Sinn Fein, the Past and Political Strategy: The Provisional Irish Republican Movement and the Politics of 'Reconciliation'

2015-02-18T15:11:04Z (GMT) by Stephen Hopkins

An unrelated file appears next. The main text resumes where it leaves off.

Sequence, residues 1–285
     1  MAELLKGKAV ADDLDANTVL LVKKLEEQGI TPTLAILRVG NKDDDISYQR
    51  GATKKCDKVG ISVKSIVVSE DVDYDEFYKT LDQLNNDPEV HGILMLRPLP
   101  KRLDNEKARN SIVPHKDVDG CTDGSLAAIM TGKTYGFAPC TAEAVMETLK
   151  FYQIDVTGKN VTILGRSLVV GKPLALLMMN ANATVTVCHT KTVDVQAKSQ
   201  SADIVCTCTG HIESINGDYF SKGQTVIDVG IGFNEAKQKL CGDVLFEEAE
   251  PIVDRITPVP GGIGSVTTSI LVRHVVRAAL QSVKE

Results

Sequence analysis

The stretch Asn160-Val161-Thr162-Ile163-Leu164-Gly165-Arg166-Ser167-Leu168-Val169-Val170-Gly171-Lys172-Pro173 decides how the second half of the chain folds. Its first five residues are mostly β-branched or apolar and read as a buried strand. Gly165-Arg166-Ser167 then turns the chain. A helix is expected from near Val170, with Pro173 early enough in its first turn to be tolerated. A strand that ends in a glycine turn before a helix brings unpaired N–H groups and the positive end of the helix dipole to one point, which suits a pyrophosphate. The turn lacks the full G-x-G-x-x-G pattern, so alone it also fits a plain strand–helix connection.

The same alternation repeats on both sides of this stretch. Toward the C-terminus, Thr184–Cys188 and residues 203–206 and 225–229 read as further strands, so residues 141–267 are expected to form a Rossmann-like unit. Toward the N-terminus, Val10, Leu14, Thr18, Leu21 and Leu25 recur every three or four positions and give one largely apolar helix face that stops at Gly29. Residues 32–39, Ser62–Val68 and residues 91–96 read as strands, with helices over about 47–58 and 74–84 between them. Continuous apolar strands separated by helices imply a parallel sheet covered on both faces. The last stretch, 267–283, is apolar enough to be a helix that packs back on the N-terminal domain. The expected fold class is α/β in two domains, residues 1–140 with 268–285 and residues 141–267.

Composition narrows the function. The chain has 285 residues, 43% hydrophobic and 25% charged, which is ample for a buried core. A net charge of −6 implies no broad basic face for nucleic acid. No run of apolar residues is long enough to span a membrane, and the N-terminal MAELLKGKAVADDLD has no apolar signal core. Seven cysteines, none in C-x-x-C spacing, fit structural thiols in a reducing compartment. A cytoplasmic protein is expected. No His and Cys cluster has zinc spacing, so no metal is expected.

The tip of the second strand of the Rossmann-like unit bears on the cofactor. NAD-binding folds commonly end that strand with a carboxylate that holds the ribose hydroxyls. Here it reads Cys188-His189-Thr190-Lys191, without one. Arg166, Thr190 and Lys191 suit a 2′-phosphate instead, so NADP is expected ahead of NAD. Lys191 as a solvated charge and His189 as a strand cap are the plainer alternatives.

This article examines a critical aspect of the contemporary political debate in Northern Ireland regarding ‘the past’, and how to deal with the legacies of violent conflict. The article will specifically analyse the Provisional republican movement’s developing policy in this area. It outlines Sinn Féin’s (SF’s) policy evolution with regard to ideas of ‘truth and reconciliation’ in the context of the post-Belfast Agreement era of ‘peace’. It proceeds to critically assess the Republican movement’s demands for an independent and international process of ‘truth recovery’, and subsequently engages in a detailed critique of SF’s recent promotion of a ‘reconciliation strategy’, designed to enhance the movement’s strategic agenda, and usher in a new phase in the ‘peace process’. The article concludes by arguing that SF’s approach to ‘truth and reconciliation’ has been characterised by an emphasis upon the movement’s efforts to legitimise its version of the historical narrative of the Troubles, rather than by any authentic attempt to address self-critically the previous commitment to ‘armed struggle’, or to seek genuine compromise with unionists, loyalists and the broader Protestant population. This approach has also been formulated for an internal audience, with the goal of convincing republicans that progress towards a united Ireland has not stalled.